Another thing in my Duluth bag is my water bottle.  I drink a lot of water and I especially get thirsty on long flights.  On this trip, we were renting a car and then going to be doing lots of walking.  I didn't want to have to buy water every day.  Instead we purchased these collapsible Platypus bottles.  They're BPA free and hold up to 1.0 liters!  Perfect for traveling.  

Of course, all of my liquids needed to be easily accessible so I put them in my Duluth bag.  I packed all the liquids inside a plastic bag.

Besides the typical toiletries, I also packed essential oils.  The ones I always take on trips are Di-Gize-for stomach issues, Lavendar-to sleep and for skin irritations, Thieves-congestion and colds, Pan-away and Deep Relief for muscle aches and headaches and Stress Away for obvious reasons and because it's my favorite.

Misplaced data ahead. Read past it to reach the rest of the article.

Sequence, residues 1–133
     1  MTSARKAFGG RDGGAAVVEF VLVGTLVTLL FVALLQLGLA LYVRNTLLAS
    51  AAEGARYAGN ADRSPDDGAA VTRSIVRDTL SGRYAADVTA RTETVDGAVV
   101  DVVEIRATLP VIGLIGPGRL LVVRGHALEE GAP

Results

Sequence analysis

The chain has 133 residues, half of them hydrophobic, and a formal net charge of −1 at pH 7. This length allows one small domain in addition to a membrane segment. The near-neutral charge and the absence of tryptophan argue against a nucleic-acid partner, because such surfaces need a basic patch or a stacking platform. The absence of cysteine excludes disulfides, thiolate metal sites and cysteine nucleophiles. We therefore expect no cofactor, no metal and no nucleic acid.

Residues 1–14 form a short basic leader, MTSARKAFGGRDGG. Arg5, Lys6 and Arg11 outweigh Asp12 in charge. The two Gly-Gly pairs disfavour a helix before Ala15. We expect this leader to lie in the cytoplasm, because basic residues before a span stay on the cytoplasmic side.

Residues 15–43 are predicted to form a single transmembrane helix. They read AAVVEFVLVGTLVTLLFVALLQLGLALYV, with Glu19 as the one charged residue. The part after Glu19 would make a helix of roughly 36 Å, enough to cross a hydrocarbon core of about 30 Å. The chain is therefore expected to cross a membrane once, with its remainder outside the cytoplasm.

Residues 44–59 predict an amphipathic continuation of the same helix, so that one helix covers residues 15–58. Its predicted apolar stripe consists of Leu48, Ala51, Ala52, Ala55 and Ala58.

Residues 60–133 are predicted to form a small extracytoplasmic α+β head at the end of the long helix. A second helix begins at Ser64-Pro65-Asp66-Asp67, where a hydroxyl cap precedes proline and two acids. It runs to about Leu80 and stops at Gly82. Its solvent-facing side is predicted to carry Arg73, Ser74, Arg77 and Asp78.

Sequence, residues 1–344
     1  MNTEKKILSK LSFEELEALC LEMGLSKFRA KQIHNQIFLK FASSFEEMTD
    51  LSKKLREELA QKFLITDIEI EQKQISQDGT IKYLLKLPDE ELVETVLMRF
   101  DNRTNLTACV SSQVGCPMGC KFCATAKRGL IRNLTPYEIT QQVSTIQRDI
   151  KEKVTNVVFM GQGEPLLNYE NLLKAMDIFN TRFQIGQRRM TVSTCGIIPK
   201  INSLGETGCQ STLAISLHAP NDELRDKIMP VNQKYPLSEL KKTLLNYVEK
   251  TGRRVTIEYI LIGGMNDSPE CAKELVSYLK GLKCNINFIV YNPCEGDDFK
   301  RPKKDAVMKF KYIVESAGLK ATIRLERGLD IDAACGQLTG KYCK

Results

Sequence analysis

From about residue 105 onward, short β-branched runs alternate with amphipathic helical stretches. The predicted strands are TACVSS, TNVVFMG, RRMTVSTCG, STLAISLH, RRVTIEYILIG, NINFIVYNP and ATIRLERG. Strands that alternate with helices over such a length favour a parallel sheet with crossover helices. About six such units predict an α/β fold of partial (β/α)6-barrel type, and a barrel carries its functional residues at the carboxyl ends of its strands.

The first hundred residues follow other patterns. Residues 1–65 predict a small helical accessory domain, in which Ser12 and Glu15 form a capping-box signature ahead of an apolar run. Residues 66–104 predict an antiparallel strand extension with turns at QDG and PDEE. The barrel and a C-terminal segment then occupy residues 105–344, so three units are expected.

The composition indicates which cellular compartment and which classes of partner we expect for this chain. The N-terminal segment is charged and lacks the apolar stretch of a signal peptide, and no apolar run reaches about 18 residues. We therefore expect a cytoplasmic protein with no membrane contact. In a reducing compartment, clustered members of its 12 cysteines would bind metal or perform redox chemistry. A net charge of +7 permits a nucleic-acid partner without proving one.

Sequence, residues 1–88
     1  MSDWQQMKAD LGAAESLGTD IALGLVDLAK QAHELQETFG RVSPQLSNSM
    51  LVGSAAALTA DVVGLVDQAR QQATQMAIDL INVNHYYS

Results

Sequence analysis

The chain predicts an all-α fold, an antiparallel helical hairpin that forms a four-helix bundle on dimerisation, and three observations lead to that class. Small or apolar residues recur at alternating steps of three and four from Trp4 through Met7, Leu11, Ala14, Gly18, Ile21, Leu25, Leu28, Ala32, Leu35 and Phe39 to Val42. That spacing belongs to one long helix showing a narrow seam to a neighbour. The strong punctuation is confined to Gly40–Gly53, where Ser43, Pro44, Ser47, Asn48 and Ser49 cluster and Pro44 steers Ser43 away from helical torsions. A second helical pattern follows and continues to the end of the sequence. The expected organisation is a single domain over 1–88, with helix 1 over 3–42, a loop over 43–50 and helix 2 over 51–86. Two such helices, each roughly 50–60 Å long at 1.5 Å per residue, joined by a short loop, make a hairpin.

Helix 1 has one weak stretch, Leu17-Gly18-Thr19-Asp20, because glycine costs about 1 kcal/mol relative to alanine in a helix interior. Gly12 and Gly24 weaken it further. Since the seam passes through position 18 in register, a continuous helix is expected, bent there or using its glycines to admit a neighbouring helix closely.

Now onto my Brookstone bag.  Here's what's inside:

We were in Europe (Switzerland and France) in May.  We experienced a wide range of temperatures, mostly chilly though for us southern girls.  

I packed all casual clothes.  3 long sleeved shirts and 2 short sleeved.  These were all thin fabric that was easy to rinse out in the hotel room and then hang to dry.  

I had 3 pairs of jeans-skinny, black and straight legged.

2 dresses that were only worn in Bordeaux because it was too cold in Switzerland.  I paired the first with my denim jacket and the striped one with the white button down, tied at the waist.